By Lauren Smith

Updated: 22 May 2023

The opioid antidote naloxone could be available without a prescription as early as this summer, as two advisory panels recommend the FDA lift restrictions on the drug in order to stem the tide of opioid overdoses.

Naloxone Could Become Widely Available Over-The-Counter

FDA advisory committees recommend approval of naloxone without a prescription

The unanimous vote by the committees increases the likelihood that the Food and Drug Administration (FDA) will approve a generic, over-the-counter version of naloxone nasal spray, following two fast-tracked applications from pharmaceutical company Emergent BioSolutions Inc. and non-profit and Harm Reduction Therapeutics. The regulator could approve the products as early as this month.

Naloxone, popularly known by the brand name Narcan, is an opioid antagonist that blocks the effects of opioids on the brain and can rapidly reverse overdose symptoms, including respiratory depression and extreme sedation. It was initially approved as an injection by the FDA in 1971, intended for use by first responders and hospitals to revive people experiencing overdoses. 

But with the rise in opioid abuse and overdose over the last two decades, naloxone has been used more and more frequently by people without full medical training, including outreach workers, the family and friends of opioid users, and good samaritans. Administered millions of times over the last few years, it’s estimated to have saved hundreds of thousands of lives.[1]

Easy-to-administer versions of naloxone such as nasal sprays have been developed to facilitate its use and the drug is distributed through community-based naloxone programs and syringe service programs.[2] Many states also permit pharmacies to supply the drug under standing orders, or non-patient-specific prescriptions.[1] However, obtaining the drug under standing orders so requires the customer to interact directly with the pharmacist, which may deter some drug users, and limits sales to pharmacies, which are often scarce in rural areas.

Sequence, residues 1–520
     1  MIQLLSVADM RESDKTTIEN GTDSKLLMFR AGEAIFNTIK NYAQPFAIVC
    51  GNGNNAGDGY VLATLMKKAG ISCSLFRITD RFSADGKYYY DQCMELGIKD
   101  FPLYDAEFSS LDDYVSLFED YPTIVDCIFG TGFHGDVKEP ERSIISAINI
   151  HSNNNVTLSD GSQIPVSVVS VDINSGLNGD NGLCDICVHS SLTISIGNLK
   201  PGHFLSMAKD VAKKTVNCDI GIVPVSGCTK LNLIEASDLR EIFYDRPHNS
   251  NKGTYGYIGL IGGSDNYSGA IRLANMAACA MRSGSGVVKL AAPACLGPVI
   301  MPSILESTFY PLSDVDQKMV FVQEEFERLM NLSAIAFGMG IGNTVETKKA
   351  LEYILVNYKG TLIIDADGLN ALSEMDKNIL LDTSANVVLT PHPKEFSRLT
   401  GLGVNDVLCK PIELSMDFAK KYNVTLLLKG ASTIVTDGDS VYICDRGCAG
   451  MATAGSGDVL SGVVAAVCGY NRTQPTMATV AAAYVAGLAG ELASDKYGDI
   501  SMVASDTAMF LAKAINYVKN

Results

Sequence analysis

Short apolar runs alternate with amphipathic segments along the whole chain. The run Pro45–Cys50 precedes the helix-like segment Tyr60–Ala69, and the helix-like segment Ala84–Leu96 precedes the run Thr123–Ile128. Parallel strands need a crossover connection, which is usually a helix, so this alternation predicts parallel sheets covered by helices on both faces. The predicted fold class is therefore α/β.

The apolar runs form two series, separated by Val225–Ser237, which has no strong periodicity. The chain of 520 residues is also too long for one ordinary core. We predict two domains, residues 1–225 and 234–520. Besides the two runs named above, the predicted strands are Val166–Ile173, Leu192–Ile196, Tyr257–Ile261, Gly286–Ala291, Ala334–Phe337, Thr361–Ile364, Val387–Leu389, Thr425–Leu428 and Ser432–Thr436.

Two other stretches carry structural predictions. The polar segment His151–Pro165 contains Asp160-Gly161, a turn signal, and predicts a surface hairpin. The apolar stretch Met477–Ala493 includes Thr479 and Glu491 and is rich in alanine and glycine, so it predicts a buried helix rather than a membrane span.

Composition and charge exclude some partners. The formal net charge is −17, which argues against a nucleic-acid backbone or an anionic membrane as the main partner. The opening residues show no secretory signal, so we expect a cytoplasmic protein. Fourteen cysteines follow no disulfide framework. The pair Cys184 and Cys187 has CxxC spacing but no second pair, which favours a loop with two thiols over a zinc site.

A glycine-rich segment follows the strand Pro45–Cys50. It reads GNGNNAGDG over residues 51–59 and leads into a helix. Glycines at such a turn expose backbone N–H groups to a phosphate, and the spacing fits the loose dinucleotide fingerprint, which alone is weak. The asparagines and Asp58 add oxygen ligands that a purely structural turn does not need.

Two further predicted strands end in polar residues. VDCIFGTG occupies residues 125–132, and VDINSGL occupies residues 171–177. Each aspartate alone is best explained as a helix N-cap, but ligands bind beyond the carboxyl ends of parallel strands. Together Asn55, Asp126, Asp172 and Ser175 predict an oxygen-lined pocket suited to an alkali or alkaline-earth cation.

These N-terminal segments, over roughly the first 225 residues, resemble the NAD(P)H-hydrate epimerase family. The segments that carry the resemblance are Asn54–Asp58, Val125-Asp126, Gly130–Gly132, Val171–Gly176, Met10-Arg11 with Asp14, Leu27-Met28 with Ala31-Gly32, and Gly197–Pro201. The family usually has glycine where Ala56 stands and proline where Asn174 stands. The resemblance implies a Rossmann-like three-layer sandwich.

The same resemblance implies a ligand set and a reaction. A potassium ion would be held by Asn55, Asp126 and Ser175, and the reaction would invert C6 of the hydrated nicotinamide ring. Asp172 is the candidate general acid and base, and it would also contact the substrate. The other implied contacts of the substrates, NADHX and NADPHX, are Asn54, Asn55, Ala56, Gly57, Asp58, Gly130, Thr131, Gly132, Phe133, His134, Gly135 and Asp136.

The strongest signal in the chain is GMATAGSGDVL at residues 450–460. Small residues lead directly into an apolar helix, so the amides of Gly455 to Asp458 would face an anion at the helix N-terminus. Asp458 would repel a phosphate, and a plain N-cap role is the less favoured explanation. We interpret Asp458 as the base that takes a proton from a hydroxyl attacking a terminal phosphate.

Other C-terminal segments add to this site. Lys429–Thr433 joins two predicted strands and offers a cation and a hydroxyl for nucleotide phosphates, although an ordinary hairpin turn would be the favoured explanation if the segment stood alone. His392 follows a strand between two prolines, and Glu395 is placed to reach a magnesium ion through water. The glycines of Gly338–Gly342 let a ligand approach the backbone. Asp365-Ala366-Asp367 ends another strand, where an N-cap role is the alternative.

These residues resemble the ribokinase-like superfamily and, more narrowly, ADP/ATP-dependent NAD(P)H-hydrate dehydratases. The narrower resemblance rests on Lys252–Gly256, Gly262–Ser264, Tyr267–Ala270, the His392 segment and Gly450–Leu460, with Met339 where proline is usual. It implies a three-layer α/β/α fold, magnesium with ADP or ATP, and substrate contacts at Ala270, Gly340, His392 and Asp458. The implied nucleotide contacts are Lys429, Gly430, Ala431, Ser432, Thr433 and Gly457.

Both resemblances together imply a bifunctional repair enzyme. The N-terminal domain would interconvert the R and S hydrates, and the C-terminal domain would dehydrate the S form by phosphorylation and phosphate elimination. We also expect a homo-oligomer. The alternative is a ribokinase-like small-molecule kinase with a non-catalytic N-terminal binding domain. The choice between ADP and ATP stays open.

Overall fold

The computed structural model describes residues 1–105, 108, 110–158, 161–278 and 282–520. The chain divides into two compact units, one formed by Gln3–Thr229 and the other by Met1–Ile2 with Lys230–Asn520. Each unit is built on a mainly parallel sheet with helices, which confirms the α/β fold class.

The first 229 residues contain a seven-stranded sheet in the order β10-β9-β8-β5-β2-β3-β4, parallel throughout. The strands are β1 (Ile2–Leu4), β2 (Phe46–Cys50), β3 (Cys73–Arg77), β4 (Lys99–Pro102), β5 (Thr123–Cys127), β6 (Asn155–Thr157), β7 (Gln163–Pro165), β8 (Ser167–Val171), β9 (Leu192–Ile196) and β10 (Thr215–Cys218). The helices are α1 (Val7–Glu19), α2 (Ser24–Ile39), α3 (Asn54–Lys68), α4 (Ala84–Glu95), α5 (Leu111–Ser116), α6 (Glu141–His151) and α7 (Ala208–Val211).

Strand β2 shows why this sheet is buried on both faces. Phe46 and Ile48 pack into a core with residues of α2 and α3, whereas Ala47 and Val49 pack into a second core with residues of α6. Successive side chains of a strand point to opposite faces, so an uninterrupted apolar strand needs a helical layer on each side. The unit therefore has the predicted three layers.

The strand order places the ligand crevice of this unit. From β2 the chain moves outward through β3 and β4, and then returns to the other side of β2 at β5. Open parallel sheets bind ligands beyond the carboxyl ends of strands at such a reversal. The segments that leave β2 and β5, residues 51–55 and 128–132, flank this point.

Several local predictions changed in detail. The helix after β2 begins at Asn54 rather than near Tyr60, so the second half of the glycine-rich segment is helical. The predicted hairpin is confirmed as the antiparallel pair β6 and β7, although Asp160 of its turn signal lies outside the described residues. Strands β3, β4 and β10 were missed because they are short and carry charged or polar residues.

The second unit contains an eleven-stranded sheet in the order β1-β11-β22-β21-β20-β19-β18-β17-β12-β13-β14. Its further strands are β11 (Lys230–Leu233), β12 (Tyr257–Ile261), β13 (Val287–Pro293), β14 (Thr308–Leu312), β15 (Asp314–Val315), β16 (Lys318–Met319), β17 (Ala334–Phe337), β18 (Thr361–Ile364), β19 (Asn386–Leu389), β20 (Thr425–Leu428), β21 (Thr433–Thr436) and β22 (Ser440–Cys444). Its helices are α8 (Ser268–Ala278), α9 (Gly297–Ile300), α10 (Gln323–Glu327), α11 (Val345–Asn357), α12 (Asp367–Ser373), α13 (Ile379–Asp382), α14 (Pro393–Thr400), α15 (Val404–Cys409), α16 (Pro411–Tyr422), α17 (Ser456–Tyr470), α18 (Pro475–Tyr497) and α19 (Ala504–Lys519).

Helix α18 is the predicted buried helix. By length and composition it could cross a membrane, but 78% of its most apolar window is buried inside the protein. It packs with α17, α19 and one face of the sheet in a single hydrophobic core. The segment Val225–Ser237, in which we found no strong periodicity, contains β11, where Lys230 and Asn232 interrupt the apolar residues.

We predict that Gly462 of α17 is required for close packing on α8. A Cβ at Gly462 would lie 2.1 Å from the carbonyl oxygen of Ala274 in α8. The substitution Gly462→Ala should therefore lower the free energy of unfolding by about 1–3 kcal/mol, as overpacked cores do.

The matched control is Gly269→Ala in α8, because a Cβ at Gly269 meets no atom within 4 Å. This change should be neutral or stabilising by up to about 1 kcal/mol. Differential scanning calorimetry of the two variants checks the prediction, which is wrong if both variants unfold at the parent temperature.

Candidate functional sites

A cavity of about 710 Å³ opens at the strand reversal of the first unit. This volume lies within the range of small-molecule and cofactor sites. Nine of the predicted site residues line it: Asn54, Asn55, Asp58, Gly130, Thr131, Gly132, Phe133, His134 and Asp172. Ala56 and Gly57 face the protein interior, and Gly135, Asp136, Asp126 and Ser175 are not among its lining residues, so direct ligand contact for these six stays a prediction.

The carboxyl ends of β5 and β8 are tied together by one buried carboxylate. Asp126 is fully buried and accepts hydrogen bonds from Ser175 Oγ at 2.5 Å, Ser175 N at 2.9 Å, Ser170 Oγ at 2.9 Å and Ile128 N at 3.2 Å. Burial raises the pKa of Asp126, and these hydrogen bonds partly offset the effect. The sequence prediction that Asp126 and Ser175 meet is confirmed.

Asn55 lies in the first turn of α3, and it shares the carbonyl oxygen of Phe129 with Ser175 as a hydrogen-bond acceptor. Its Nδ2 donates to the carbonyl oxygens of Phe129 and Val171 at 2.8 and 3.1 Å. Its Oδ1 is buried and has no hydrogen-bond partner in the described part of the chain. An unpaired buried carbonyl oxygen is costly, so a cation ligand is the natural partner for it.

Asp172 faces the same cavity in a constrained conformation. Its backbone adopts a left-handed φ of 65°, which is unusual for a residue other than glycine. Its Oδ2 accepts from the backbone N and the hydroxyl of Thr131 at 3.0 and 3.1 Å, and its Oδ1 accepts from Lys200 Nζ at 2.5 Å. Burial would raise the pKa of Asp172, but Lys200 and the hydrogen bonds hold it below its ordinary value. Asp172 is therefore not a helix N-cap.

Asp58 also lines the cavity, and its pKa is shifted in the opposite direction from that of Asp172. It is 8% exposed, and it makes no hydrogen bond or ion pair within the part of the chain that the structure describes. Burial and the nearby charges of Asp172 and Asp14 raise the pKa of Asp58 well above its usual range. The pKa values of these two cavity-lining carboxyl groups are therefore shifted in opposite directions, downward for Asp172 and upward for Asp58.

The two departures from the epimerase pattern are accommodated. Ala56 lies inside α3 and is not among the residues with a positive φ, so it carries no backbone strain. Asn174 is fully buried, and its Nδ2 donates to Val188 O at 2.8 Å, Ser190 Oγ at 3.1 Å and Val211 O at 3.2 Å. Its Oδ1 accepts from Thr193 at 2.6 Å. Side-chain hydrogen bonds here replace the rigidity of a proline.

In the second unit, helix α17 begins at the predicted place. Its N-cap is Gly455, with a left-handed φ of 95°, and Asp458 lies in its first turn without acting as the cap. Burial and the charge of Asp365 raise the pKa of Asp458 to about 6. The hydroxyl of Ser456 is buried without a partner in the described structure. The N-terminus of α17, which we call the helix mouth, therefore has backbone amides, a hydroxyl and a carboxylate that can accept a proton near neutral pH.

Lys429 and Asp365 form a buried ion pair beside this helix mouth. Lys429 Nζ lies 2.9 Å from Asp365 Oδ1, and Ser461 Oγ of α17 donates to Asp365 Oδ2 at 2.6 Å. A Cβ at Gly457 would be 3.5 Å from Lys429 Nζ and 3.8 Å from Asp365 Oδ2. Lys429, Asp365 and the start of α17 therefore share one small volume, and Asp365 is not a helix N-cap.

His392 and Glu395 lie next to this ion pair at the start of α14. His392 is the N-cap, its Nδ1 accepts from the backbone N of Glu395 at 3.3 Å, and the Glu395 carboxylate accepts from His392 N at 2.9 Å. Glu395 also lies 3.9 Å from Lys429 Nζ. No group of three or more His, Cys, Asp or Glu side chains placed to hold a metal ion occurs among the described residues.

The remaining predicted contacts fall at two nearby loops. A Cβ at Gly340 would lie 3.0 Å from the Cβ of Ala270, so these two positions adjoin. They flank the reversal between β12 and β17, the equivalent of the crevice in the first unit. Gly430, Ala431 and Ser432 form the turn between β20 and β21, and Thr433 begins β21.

Sell Narcan widely and without stigma to reduce deaths, advocates say 

Doctors, harm reduction groups, and the Biden administration have all urged the FDA to scrap the prescription requirement entirely and enable naloxone to be sold at supermarkets and convenience stores.

They argue that wider availability of naloxone could reduce deaths from opioids—particularly the potent fentanyl—which climbed to over 106,000 in 2021.[3]

And it’s not just about availability. Harm reduction groups argue that selling naloxone on the shelves beside Tylenol and condoms would normalize its use.

“It also sends a message—we’re trying to remove the stigma around the drug,” Laura Palombi, professor of pharmacy and public health at the University of Minnesota, told the Washington Post.[4]

Panels concluded that the drug is safe and easy for non-medical people to use

The two advisory panels—the Nonprescription Drugs Advisory Committee and the Anesthetic and Analgesic Drug Products Advisory Committee—concluded that naloxone is broadly safe, with side effects limited to those associated with opioid withdrawal and far outweighed by the life-saving effects of the drug. 

Naloxone is also safe when mistakenly administered to someone not experiencing an opioid overdose. For example, it has no effect, positive or negative, when administered to someone experiencing a heart attack or hypoglycemic shock.[5]

The committees also considered whether the drugs could be safely and effectively administered by people without medical training and carefully considered the instructions included in the package. 

Despite some concerns about Emergent’s proposed packaging for the product—which must be approved by the FDA—the experts concluded that the urgency of addressing the opioid crisis eclipses the need to run further tests of user-friendliness.

Cost is still a barrier

However, some harm reduction groups warn that the impact of over-the-counter naloxone will be limited unless the price comes down. Currently, the discounted price for a two-pack of Narcan nasal sprays at pharmacies is $47, but the Washington Post found some pharmacies in the D.C. area retailing the prescription version for as much as $73.

“No drug user is going into a pharmacy and paying $47 a kit,” Colin Miller, co-founder of the Twin City Harm Reduction Collective in North Carolina, told the newspaper.[4]

Emergent hasn’t revealed its intended pricing for its over-the-counter naloxone product. The company says it will continue to sell discounted packs to “public interest” customers, including harm reduction groups.